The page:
I’m not a big fan of writing manuals in general, having found them (when I’ve dipped into them) full of obvious tips mingled with personal quirks, but I’ve always heard William Zinsser’s On Writing Well mentioned with respect, and after reading Zinsser’s essay on how he came to write and revise it, I find myself wanting to read the book:
My model for On Writing Well was American Popular Song: The Great Innovators, 1900–1950, by the composer Alec Wilder.
Wilder’s book was one I had been waiting for all my life, the bible that every collector hopes someone will write in the field of his addiction. I was a collector of songs—the thousands of Broadway show tunes, Hollywood movie songs, and popular standards written in the 40-year golden age from Show Boat in 1926 to the rise of rock in the mid-1960s. As a part-time club pianist, I thought I knew them well—the oldest of old friends. Wilder showed me that I didn’t.
To write his book, Wilder examined the sheet music of 17,000 songs, selecting 300 in which he felt that the composer had pushed the form into new territory. Along with his text, he provided the pertinent bars of music to illustrate a passage that he found original or somehow touching. But what I loved most about Wilder’s book went beyond his erudition. It was his total commitment to his enthusiasms, as if he were saying: “These are just one man’s opinions—take ’em or leave ’em.” His pleasure was to praise. …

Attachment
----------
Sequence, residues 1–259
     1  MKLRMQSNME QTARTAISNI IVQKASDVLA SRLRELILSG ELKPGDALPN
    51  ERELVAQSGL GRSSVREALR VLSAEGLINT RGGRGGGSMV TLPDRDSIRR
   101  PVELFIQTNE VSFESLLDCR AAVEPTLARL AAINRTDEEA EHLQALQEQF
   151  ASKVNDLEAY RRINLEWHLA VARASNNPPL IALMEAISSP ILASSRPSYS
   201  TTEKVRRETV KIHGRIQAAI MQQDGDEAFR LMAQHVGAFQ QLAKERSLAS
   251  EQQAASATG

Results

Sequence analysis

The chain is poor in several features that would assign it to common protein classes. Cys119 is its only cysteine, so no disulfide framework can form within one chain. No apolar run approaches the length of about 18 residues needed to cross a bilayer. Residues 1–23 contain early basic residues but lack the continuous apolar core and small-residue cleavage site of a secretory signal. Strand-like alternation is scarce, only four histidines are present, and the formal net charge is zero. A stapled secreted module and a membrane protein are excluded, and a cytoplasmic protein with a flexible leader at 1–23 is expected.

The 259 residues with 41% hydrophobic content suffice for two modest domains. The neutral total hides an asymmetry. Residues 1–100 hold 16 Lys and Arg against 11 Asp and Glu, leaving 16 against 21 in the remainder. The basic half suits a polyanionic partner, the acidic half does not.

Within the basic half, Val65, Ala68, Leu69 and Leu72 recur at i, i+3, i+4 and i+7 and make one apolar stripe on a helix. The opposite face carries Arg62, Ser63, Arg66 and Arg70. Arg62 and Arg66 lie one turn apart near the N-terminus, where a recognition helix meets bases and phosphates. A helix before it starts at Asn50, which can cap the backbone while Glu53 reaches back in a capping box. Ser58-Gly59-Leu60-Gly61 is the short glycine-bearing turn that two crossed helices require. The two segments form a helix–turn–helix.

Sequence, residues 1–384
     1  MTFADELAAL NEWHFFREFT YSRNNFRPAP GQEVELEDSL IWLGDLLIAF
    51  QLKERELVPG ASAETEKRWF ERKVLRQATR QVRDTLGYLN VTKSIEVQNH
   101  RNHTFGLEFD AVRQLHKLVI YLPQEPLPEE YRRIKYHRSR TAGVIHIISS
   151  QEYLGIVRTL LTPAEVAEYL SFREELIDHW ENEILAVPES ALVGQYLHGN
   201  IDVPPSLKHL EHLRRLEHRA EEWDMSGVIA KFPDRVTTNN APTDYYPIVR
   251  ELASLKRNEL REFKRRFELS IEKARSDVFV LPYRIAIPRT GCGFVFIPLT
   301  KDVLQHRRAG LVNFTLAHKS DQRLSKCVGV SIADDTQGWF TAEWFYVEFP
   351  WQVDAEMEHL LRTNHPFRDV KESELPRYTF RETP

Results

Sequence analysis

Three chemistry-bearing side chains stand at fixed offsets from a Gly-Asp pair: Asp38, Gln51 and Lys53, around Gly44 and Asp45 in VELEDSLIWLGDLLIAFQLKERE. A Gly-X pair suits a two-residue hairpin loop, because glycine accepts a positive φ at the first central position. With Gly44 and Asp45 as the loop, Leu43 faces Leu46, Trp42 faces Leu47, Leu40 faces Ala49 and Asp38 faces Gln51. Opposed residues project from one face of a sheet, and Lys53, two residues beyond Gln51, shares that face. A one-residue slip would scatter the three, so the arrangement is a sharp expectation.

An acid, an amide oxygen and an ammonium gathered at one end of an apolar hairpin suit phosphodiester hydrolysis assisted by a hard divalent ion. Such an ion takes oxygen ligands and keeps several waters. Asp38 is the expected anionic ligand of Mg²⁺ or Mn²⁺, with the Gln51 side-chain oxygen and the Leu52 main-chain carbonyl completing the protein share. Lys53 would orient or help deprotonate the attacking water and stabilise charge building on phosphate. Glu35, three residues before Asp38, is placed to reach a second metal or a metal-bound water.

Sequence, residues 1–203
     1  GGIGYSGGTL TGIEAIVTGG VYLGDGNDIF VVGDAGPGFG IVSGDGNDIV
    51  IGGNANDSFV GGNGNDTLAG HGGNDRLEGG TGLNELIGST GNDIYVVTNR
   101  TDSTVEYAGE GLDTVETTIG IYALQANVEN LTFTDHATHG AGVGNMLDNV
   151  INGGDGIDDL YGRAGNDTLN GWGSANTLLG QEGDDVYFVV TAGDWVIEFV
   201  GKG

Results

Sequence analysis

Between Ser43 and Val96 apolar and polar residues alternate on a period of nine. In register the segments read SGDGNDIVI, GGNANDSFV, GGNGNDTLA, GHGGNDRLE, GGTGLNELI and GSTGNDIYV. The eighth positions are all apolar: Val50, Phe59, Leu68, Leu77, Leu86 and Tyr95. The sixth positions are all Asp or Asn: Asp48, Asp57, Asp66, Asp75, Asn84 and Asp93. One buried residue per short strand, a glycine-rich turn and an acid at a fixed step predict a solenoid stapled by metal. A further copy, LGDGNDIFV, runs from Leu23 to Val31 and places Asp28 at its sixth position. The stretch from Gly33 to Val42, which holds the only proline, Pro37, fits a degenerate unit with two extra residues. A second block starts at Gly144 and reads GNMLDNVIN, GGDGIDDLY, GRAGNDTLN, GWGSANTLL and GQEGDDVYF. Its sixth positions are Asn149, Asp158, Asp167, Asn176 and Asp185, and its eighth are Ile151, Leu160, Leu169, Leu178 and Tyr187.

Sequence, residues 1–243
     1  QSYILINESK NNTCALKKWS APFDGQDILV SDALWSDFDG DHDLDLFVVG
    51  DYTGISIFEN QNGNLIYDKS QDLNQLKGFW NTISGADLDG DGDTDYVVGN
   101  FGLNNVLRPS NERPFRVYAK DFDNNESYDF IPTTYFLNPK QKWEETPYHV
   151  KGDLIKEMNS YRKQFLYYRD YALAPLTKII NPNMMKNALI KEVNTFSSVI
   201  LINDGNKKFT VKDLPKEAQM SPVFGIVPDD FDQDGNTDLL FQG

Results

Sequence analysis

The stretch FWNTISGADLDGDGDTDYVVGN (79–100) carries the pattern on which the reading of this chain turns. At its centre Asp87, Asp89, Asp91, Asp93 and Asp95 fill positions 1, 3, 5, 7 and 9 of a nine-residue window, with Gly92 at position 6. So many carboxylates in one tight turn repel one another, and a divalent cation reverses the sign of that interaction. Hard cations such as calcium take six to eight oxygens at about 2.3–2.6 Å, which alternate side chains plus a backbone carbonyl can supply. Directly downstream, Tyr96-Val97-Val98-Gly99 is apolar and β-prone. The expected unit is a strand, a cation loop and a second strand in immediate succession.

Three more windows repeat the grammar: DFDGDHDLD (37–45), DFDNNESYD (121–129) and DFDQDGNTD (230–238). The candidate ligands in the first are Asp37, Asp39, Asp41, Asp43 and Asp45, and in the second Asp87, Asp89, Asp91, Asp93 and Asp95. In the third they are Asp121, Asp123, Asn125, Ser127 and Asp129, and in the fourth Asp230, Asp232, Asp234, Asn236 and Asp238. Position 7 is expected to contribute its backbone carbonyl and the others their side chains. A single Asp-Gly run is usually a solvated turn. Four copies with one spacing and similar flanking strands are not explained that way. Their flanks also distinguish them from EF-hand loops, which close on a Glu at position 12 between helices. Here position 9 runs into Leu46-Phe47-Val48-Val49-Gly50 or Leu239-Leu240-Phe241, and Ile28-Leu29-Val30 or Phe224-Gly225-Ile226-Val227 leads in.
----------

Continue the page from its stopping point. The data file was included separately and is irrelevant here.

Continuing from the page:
Thus I saw from Wilder’s American Popular Song that I might write a book about writing that would be just one man’s book. I would write from my own convictions—take ’em or leave ’em—and I would illustrate my points with passages by writers I admired. I would treat the English language spaciously, as a gift waiting for anyone to unwrap, not as a narrow universe of grammar and syntax. Above all, I would try to enjoy the trip and to convey that enjoyment to my readers.
And of course I’m interested in Wilder’s book as well. (Thanks for the link, Paul!)